Gain meaning from the story and take action
Now it’s time to start using the available data more strategically. Start with these questions. What is the total organizational spend? Has it been increasing or decreasing over time? Who are the top strategic suppliers? What is the total spend from these suppliers? What percentage of spend is contractual or pre-approved? Is there a high percentage of maverick spending?
The analytics capabilities available as part of automation solutions enable you to easily answer these questions and further drill down into transactions and gain actionable insights that help you identify and resolve bottlenecks. Modern analytics capabilities go above and beyond the basic functionality available as part of Excel reports and deliver real-time full visibility across the entire supply chain.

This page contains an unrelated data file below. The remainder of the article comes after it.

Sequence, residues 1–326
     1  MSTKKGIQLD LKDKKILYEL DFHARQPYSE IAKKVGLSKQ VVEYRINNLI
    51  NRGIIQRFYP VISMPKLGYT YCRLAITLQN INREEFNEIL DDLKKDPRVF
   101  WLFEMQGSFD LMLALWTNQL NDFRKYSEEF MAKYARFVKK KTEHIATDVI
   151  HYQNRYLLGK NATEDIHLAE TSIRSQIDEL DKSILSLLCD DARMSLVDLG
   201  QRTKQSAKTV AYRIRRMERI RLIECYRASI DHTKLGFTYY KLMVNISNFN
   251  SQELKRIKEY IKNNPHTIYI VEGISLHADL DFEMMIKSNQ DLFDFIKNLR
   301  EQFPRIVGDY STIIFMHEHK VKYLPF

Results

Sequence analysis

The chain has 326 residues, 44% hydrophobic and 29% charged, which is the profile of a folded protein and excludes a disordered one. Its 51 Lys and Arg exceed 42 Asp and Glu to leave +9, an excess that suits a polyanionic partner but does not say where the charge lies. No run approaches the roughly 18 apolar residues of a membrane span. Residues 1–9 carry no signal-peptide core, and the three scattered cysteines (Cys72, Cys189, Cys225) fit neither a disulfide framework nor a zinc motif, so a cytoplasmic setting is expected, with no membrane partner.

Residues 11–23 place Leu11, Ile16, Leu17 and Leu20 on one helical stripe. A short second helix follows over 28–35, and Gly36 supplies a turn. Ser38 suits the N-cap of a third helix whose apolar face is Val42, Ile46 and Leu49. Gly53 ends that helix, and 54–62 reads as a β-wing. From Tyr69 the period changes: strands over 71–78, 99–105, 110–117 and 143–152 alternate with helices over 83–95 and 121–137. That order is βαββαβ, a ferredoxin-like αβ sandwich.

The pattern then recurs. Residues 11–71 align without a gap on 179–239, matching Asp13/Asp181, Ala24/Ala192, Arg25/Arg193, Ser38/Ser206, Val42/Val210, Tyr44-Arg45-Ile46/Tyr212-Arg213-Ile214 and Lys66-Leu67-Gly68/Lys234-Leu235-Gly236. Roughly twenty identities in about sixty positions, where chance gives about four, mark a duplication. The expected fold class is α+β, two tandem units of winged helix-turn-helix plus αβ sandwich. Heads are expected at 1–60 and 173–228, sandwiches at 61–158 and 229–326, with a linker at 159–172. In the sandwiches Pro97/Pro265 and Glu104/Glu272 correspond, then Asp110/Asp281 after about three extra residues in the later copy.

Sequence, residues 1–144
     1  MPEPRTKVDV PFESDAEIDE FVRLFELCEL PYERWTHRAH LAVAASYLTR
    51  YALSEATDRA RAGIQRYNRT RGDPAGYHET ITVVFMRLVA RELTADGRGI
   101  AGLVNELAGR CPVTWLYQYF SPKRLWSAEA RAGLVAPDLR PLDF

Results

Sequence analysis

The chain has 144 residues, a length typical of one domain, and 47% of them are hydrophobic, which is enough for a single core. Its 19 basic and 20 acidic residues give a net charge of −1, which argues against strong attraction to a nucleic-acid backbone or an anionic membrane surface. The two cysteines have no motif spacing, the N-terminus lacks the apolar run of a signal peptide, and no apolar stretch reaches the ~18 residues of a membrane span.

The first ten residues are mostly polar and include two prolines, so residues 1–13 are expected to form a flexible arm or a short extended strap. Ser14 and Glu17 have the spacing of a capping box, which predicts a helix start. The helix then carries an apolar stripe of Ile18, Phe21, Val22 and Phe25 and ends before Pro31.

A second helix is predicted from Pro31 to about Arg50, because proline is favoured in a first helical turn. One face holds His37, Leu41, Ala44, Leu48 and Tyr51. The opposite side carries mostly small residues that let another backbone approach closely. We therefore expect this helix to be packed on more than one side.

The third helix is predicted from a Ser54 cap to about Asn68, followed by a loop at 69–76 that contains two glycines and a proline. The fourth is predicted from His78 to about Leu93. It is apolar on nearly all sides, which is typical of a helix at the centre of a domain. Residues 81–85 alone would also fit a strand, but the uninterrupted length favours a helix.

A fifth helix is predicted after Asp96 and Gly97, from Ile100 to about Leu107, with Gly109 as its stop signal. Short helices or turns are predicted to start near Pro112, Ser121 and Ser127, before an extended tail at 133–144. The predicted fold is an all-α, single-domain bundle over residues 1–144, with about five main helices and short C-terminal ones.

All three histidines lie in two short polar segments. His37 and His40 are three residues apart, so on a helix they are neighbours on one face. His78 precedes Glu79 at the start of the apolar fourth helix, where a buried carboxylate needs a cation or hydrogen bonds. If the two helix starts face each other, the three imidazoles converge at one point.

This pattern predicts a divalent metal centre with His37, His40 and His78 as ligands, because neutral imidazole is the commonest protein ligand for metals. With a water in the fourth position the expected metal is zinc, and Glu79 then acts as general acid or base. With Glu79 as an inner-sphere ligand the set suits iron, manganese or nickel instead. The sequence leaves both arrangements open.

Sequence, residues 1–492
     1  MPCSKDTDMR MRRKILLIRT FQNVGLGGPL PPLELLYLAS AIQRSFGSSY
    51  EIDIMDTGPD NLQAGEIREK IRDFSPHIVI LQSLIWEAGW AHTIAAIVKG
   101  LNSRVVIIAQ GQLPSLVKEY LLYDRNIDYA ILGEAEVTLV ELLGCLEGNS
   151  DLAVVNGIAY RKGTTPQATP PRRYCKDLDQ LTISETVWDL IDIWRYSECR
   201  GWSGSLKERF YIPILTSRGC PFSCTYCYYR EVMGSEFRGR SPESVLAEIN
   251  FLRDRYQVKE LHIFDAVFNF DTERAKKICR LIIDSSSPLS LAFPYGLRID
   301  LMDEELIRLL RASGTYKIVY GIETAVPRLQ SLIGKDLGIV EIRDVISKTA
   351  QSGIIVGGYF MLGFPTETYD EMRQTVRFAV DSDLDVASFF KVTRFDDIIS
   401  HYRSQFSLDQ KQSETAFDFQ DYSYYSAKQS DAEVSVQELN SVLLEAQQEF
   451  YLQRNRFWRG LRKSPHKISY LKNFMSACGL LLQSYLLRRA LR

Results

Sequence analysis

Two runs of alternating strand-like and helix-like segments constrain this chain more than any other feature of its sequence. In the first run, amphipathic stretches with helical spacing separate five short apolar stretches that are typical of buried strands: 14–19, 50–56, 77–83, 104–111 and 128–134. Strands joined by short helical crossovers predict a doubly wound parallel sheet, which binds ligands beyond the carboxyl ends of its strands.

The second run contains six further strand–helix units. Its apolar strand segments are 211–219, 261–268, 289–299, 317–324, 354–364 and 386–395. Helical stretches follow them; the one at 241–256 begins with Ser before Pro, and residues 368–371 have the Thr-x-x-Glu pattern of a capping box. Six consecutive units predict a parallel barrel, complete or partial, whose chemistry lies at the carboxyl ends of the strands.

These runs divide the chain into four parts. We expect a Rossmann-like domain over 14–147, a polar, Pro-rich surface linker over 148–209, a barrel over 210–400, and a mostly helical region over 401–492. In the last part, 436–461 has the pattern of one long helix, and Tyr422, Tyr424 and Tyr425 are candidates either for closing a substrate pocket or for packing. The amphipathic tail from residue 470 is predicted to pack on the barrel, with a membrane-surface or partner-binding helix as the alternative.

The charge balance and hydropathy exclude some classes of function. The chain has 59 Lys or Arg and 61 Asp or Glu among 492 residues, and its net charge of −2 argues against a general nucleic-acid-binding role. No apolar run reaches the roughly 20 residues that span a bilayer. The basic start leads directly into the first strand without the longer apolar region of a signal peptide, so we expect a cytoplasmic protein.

And, it’s not surprising that analytical capabilities have become even more critical in helping finance leaders navigate the turbulent times resulting from the pandemic. According to McKinsey, “What is surprising is how quickly organizations—even those with limited analytics experience—have stood up analytics solutions. Analytics capabilities that once might have taken these organizations months or years to build came to life in a matter of weeks. Leaders who apply the learnings from these rapid analytics builds in order to embed AI and analytics enterprise-wide will be in a stronger position to tap deeper into the value waiting to be unlocked.”
As most organizations are quickly realizing, once the data story is harnessed, the insight potential is tremendous.
Match critical supply chain aspects with corresponding spend